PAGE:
When a West Virginia city provides a bicycle and running path for its residents, it has a duty to keep it safe for users. That is the legal argument raised in a lawsuit brought by a bicyclist for personal injury damages allegedly caused by the city of Marietta's negligence. The suit claims that city workers ran an inflated water hose over the path without marking the spot or directing users away from the potential danger.
A woman crashed into the hose and allegedly suffered injuries, including five broken ribs and a punctured lung. The Marietta River Trail is about three miles long, leading along the Muskingum River and the Ohio River, ending up in the downtown area of the city. The accident is said to have happened on June 16.
Generally, when a special path is provided for the public, the municipality will have a legal duty to keep it safe and reasonably free from danger to users. That is not an absolute duty nor is it the imposition of strict liability on the city. It calls, however, for the normal protocols of using reasonable care under the circumstances. Here, it is likely a careless act to put an inflated hose on a bike track without a warning sign.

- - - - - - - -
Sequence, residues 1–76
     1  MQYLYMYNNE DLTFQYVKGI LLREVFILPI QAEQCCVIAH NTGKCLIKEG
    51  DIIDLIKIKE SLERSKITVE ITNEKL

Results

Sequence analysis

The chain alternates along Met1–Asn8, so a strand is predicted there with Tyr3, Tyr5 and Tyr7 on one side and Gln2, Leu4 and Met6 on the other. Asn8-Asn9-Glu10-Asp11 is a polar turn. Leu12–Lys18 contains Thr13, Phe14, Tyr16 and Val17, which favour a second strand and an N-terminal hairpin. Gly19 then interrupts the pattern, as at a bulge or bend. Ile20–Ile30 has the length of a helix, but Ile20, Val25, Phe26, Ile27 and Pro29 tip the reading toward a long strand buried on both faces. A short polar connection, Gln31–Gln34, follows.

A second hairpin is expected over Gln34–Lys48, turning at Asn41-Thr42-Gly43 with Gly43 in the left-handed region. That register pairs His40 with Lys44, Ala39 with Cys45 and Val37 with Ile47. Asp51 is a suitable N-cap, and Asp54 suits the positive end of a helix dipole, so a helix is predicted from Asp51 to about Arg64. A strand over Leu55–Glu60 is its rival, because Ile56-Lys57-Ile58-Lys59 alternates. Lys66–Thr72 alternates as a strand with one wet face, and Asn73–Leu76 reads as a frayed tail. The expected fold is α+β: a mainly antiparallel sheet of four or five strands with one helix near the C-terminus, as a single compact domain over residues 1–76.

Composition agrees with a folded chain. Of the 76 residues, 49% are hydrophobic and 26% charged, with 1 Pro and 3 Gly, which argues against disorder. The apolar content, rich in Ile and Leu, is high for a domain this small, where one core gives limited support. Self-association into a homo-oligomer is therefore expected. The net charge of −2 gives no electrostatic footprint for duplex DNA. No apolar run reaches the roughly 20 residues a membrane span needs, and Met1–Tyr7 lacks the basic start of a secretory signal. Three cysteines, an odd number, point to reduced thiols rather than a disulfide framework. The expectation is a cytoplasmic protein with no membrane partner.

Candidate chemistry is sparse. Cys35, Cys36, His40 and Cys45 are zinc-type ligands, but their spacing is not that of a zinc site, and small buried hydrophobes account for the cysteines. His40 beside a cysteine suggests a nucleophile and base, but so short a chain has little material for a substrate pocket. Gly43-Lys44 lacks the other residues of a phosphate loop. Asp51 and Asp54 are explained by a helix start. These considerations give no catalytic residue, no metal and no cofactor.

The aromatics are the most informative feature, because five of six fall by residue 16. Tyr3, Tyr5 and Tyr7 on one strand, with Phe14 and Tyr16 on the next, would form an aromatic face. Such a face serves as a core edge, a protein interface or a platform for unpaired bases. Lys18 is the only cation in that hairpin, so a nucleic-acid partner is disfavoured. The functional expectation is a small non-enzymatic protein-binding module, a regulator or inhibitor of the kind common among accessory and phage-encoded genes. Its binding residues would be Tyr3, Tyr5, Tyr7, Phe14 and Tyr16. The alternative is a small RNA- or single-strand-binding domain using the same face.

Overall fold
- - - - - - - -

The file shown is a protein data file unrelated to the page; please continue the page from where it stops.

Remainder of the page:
The negligence in this case was apparently a direct cause of the plaintiff's alleged injuries. However, the allegations in the complaint must be proved in the further litigation of the claim. That includes presenting medical evidence to prove causation and to show the nature and extent of the woman's injuries. The rules for processing a personal injury claim of this kind in West Virginia are clear-cut and are guided by the general principles of negligence law.
Source: newsandsentinel.com, "Injured bicyclist files lawsuit against Marietta", Peyton Neely, Jan. 17, 2017